#8
  9. wizz

    wizz Up a creek......

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    350 exc with 20L tank, like a boss. Forget all the rest.
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  10. Plebeian

    Plebeian Scruffy-Looking Nerf Herder Supporter

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    Results are in, claim yer bets...
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  11. mode12

    mode12 frageelay Supporter

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    Yes.

    IMG_1137.jpg
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  12. MacNoob

    MacNoob piney fresh

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    Suzuki DR650.

    The best bike for a trip though is usually the one you already own.
    #12
  13. Fishenough

    Fishenough Team Lurker

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    Adventure does happen on a RTW trip, it's the single item on my bucket list when I retire.

    What I have learned from riding in Mexico and SE Asia for decades is(4 bikes bought new in SE Asia where I put over 50,000 miles, or more, on each, and had several others over the years living there):

    1. High-value bikes attract much more attention in many countries. The new Vulcan 900 I bought for my Ex was a basic bike in North America but in Thailand, locals thought I was rich foreigner riding it, ladies asked me out when I rode that instead of a 250 SM. Bikes and gear can disappear and insurance claims are most challenging in such countries. I have been away from a bike for less than 10 mins in both Thailand and Laos to come back and find out that my Arai helmet was gone again. Again no insurance. I can afford the KTM myself but would be that much more upset when I woke up to find it gone. I so like my KLR but if it disappeared I would only feel the loss of the memories I had on it and not the monetary value in the slightest. Police certainly except more $$$ out of the visiting foreigner riding a fully frackled GSA for example.

    2. Performance. Oh so fun but Increased Risk. Too much randomness on the roads in less developed countries, commonly a motorcycle culture that does not except high-performance bikes. During my last 2 years in Thailand, letting my son finished school, I managed 2 insurance offices. The cases I learned about, you would not want a serious injury in the middle of Laos for example - and I've toured there with my son as pillion for weeks at a time. My first bike purchased in Thailand was a VFR800, after many enjoyable months sold it; local traffic does not except a bike with high performance. That sport bike traveling at 180 km/h looks the similar to a modern small displacement scooter, oh so common on the roads, coming directly at you. Sometimes felt every time I took that bike over 160 something happened in my path that made me question ridding at speed on Thai roads. I've ridden a GS1200 in the Delhi district of India.... and only felt safe riding it at the pace of the 90 cc Honda Cub.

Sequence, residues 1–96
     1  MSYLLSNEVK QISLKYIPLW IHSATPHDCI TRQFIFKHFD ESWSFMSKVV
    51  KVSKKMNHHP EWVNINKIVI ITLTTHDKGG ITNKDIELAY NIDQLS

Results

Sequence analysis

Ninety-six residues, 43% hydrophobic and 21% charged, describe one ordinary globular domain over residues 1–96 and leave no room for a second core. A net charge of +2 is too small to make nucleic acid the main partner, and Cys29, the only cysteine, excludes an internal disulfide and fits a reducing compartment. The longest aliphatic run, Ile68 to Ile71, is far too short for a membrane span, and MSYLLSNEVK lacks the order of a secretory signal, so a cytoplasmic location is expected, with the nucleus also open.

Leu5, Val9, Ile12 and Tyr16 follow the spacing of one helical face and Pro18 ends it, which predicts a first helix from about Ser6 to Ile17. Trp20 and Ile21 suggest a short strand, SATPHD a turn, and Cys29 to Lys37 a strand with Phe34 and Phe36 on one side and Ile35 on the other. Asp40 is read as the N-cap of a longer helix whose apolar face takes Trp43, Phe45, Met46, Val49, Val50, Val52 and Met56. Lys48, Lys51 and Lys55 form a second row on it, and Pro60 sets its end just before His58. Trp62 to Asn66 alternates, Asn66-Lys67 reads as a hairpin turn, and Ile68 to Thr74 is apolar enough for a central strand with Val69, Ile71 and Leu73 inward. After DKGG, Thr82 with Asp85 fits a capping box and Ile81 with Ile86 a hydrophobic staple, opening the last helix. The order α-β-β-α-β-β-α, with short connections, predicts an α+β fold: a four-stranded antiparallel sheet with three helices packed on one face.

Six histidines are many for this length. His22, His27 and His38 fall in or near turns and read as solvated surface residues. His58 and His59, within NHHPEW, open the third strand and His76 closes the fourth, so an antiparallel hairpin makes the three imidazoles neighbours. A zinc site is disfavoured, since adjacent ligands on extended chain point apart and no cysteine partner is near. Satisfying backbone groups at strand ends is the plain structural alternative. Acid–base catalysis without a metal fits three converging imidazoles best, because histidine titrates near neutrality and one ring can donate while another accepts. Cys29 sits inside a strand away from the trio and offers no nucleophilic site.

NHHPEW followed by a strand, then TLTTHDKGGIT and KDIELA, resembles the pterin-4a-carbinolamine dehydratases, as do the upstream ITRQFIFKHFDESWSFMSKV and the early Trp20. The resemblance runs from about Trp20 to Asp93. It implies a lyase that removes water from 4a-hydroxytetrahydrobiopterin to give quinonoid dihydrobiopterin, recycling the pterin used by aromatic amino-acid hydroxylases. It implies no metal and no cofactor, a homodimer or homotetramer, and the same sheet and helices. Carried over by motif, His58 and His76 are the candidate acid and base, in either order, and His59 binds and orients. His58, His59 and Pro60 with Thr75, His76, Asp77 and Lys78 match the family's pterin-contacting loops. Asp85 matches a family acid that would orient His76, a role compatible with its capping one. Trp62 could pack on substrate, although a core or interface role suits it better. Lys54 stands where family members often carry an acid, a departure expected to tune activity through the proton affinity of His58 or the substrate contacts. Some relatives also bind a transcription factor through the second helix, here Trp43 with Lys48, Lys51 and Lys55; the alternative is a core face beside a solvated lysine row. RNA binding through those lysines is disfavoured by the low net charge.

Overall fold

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  14. sprouty115

    sprouty115 Long timer Supporter

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  15. thetubespoke

    thetubespoke Been here awhile

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    KLR-650 might not be bad but have you considered a DRZ-400S? You can get a nice rally frame mounted screen on it, though requires a huge tank to mount up against.
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  16. canoeguy

    canoeguy Long timer

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    What screen is this you speak of?
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  17. thetubespoke

    thetubespoke Been here awhile

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  18. The_Precious_Juice

    The_Precious_Juice The Virginian

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    Good to read the AT and the KLR is on the same list of three bikes.

    I recommend the AT DCT out of the three.

    Reason: Could be the most reliable, and less rider fatigue.
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  19. Bitingdog

    Bitingdog That's not my dog

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    Here's what you need: 20190511_002645.jpg
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  20. Vertical C

    Vertical C Long timer

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    Versys 300 good enough for highways in the West. Moe likely to get parts in the rest of world.